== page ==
Screen scrapping (sic) in the 21st century

Posted by Trevor Perry on Apr 24, 2013 10:50:00 PM

    

Some years ago, customers wanted graphical user interfaces from the AS/400. In March 1992, the News 3X/400 magazine printed an article titled “GUIs - The Dawn of a New Age”. In July 1995, the Midrange Systems newspaper printed an article titled “The Final Word on GUIs”. Yet, in 20i3, customers are still using green screen applications!

Certainly, there is a lot of pressure from users to provide a graphical user interface. And, most GUI projects are short, providing relief to that pressure. Often, most companies stop there, but a GUI should only be the first step in a modernization strategy. In this, the 21st century, the GUI has become commonplace among applications, yet the IBM i community drags its feet. There are several reasons, one of them being vendor noise (see more on that in an article I wrote for iPro Developer), another being that we tend to cling to a past that is familiar. The main reason, though, seems to be ignorance - a lack of knowledge and awareness of what is available for IBM i in regards to modernization.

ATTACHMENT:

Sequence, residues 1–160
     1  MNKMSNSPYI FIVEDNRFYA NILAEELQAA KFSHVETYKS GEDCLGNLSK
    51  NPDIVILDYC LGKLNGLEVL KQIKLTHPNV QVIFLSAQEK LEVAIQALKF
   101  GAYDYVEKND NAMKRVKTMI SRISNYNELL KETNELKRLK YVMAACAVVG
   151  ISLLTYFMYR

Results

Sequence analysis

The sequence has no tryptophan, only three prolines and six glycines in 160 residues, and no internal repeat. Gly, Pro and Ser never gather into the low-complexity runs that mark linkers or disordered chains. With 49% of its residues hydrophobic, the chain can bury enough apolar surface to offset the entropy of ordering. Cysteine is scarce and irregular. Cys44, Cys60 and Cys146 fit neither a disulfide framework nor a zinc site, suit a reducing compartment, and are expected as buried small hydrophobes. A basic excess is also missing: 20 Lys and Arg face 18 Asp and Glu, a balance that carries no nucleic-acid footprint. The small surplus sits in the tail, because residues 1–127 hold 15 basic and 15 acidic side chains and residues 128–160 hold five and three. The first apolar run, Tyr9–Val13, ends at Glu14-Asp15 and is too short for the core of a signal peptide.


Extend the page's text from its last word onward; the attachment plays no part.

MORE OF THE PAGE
Just this month, on a public forum, a debate raged about how green screens were fantastic for data entry. Having written/presented/talked about that particular subject for more than a decade, I should be surprised that it still exists, then I realize it fits the aforementioned main reason. Simply put, there are dozens, if not hundreds, of techniques to capture data in 20i3. A human typing data is the most error-prone and slowest technique to gather data, period. When you compare green screen keyboard data entry with browser data entry, there is definitely no comparison - green screen is faster. But that assumes you are stopping there, and not considering replacing human data entry. Once you consider the alternatives, there is no reason in the second decade of the 21st century to ever again rely on the concept of mass data entry using human input.